Thursday, September 10, 2015

Steamed Catfish with Black Bean Sauce and Tofu - Recipe

I didn't grow up eating catfish at home.  My mom would steam whole fish from the Chinese supermarket, but catfish was for some reason not one of the species that she regularly selected for consumption.  When Wes and I started cooking together very early on in our relationship, this was one of the first things that we made.  Wes had given me the key to his place already, so it had become quite the habit to scoot over to his apartment after work with my clunky old Acer laptop, set up camp at his dining table, and await his return.  One night, he showed up with a whole catfish, slimy and fresh.  His explanation: One-fifty a pound.

Baffled, I examined the head with those telltale whiskers, prodded the freshly-hacked sections of its body, and pondered its lack of scales.  This didn't look like the whole, flat sea bass that I was used to.  But I was excited.  We didn't really know what we were doing, but eventually we created a bed of sorts in Wes's steaming pan using whatever was in the refrigerator, stuck the fish on top, drizzled some sauce, added the usual aromatics, and popped it into his wok to steam.  It turned out so well that we have been making it over and over... so long as catfish is on sale!  

Steamed Catfish with Black Bean Sauce and Tofu

  • 1 whole catfish - cleaned and steaked
  • 1 container soft tofu
  • 3 stalks of scallion - cut into 3 inch lengths, with a small amount chopped finely for garnish
  • 2" piece of ginger - sliced thin
  • Shiitake mushrooms - sliced
  • Bean sprouts
  • Lee Kum Kee black bean garlic sauce
  • Sesame oil
  • Rice wine
  1. Cut the tofu into 1/2 inch slices and lay them on the bottom of a shallow pan.
  2. Sprinkle the sliced mushrooms and bean sprouts around the perimeter of the pan. Sprinkle some salt over this.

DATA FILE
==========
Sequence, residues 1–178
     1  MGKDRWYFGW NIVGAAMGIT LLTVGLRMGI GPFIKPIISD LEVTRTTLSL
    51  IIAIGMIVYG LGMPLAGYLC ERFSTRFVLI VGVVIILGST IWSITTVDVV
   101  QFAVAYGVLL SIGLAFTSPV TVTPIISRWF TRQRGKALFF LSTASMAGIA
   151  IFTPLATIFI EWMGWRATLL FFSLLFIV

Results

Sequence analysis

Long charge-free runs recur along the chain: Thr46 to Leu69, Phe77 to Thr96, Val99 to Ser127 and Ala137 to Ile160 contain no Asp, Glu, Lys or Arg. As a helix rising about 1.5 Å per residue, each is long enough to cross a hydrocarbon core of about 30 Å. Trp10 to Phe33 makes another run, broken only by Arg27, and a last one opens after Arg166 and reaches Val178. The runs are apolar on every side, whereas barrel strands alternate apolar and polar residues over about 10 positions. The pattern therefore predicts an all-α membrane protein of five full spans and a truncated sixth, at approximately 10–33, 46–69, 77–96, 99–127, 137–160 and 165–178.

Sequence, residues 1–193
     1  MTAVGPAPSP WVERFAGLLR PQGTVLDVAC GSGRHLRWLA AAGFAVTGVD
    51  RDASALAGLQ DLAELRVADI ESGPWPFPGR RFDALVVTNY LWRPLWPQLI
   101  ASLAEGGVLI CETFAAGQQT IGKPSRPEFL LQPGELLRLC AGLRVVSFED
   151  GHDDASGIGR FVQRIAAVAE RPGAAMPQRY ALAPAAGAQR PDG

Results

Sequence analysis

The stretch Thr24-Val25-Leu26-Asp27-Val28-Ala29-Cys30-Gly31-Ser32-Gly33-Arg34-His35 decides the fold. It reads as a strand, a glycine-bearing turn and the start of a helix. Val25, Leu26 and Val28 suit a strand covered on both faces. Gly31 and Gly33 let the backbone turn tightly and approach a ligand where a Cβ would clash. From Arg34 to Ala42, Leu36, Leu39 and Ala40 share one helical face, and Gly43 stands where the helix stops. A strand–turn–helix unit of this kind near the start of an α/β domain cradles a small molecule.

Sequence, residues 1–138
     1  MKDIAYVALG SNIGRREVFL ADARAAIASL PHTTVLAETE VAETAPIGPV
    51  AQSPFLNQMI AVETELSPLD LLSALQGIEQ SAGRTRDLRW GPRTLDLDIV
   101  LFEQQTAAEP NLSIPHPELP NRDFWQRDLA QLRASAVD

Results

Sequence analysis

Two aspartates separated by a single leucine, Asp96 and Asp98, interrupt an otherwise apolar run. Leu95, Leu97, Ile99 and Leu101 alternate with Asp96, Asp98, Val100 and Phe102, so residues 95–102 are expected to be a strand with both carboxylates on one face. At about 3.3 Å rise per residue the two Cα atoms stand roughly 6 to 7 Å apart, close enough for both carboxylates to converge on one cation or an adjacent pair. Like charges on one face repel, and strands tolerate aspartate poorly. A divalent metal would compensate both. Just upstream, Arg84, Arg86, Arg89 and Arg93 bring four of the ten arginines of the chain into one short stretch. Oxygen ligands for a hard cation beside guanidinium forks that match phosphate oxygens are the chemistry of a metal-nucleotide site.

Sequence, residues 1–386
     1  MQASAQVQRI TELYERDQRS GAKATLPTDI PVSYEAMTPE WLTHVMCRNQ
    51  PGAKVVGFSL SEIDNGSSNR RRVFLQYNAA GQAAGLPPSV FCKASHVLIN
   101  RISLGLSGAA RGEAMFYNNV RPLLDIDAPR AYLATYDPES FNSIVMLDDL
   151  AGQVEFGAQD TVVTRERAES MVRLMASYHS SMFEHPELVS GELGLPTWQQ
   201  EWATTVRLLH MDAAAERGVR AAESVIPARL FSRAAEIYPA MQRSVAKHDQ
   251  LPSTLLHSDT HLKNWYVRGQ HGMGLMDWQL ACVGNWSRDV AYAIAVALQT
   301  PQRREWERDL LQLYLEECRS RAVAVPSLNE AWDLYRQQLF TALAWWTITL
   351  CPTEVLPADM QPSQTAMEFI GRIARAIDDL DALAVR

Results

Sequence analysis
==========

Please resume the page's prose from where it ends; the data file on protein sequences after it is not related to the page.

3. Place the fish steaks in the center, on top of the tofu.
  4. In a small bowl, mix 1 tablespoon of rice wine with 2-4 tablespoons of the black bean garlic sauce (up to you how strong you like the flavor).
  5. Spoon the mixture over the fish.
  6. Drizzle sesame oil to taste, top with ginger and scallion lengths.
  7. To steam, pour about 2" of water into a large pot or wok, cover and boil.  When it's boiling, uncover and place the fish pan inside, propped up with a steamer rack.
  8. Cover and steam the fish on medium heat for about 15 - 20 minutes, depending on the width of the catfish and thickness of the steaks.
  9. Remove from steamer pot, garnish with the extra scallion, and serve with rice.

The catfish was love at first bite.  It is soft, flaky, and has an abundance of gelatinous nooks and crannies.  Steaks are definitely superior to filets, to maximize all of the textural elements.

Suggestion: Stir-fry some gai choy on the side - one of our favorite vegetables.  It's the perfect mixture of crunchy, leafy, sweet, and bitter.
Wes and all his lighting hacks... It was pitch black outside already, but he made it look like we cooked in the daytime, sort of.

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